It hardly seems worth arguing about. It goes without saying that if a large number of Germans are posting street shots regularly on flickr, they have to be on the streets shooting them.

    Streets photographers however use a number of techniques to conceal their shots, so it's easier to spot them if you know the techniques than if you don't.

    When I shoot street, 99 percent of my shots are undected.
     
  10. snowblind

    snowblind Member

    Messages:
    37
    Joined:
    Jun 9, 2007
    Shooter:
    35mm
    In fact, worse, you get photographed and filmed by security cameras everywhere much more regularly.

    If I'm in a public place then, as long as I'm not doing something illegal (not that I ever do), I don't care who snaps me. Anyone on the same street at the same time can see me and, since I don't know who any of those people are, why should I care if they are looking at me on the Internet from a different place at a different time?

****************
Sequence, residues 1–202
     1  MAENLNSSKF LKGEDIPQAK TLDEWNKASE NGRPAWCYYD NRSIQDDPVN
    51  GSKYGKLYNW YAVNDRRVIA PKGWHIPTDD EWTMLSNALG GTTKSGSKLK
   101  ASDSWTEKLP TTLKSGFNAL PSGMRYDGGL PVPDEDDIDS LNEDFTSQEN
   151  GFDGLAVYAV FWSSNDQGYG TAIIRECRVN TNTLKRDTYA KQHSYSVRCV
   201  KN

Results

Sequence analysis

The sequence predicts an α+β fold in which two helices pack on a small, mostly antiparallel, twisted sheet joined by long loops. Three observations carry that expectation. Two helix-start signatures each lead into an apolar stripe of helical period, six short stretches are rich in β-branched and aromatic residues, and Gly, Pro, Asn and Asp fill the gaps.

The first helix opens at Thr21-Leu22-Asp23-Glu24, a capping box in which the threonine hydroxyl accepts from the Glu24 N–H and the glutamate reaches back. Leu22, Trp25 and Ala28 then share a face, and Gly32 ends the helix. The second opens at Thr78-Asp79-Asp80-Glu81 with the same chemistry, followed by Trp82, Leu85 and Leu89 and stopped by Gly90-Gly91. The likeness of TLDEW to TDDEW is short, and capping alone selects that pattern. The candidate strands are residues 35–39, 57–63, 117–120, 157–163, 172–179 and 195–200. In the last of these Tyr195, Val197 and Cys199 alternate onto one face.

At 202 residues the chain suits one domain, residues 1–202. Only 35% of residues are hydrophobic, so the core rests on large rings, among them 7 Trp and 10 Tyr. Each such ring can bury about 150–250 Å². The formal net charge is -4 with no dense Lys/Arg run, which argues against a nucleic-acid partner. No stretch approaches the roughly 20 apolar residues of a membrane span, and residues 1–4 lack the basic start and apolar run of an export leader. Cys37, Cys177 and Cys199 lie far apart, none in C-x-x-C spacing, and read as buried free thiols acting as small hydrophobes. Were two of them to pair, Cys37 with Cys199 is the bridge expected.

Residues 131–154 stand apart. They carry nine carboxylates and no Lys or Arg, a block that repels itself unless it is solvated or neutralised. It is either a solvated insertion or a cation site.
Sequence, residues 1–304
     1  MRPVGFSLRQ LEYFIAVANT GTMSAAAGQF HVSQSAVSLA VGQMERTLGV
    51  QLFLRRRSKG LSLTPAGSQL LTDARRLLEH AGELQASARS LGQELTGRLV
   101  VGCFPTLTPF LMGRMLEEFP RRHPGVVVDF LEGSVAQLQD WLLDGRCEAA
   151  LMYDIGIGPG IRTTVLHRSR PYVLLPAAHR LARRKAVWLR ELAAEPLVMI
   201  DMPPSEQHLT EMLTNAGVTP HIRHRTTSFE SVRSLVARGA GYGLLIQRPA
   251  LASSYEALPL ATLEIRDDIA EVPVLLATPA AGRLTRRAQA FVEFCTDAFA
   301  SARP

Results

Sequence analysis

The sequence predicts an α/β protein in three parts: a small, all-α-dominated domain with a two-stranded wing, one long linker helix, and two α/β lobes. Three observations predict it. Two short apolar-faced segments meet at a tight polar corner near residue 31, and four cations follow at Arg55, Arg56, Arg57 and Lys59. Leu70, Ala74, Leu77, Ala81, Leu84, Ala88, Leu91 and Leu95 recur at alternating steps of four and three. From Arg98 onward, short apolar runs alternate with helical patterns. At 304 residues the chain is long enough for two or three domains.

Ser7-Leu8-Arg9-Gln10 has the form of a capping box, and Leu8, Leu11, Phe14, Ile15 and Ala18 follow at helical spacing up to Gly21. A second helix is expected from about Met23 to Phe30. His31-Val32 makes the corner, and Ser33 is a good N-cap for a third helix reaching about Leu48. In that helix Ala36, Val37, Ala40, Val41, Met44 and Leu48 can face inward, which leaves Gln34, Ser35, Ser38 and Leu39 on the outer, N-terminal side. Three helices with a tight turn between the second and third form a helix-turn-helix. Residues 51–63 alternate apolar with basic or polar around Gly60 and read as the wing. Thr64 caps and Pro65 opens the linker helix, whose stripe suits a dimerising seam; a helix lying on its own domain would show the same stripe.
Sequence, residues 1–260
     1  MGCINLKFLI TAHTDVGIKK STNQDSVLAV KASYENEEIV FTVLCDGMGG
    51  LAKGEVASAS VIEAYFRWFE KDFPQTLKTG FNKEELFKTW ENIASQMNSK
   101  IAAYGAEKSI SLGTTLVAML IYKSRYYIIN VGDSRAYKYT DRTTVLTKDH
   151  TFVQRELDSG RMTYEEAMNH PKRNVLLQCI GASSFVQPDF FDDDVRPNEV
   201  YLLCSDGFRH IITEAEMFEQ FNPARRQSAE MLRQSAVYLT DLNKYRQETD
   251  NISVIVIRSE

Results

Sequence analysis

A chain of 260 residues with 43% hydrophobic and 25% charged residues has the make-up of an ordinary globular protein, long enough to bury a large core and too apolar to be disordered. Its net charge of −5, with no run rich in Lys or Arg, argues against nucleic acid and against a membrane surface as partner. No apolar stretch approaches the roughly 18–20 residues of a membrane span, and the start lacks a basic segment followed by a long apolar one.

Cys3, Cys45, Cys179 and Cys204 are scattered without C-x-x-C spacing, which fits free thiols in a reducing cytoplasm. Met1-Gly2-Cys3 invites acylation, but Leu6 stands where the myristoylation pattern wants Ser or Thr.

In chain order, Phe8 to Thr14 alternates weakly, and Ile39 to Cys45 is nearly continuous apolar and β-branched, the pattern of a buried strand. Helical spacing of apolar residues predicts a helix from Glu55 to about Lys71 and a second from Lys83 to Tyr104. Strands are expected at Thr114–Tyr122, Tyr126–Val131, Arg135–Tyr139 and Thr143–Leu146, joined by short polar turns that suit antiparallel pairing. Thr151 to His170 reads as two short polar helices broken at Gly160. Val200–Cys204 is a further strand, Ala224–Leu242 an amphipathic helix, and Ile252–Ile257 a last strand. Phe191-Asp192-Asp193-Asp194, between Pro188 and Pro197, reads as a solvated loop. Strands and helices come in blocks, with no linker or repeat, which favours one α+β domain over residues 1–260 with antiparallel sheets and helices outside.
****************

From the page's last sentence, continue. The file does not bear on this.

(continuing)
11. Poisson Du Jour

    Poisson Du Jour Member

    Messages:
    4,210
    Joined:
    Jul 1, 2008
    Location:
    Richmond/Geelong, AUS
    Shooter:
    Multi Format
    LOL! Do people really have an expectation of 'privacy' with Google having infiltrated your very living space and watching your every move? If you have a smartphone, if you have a computer and a browser, your privacy went out the window a long, long time ago. And what about the plethora of camera in cities that also watch the public's every move (and are exceptionally helpful with police investigations where there is assault, robbery etc)? And in stores?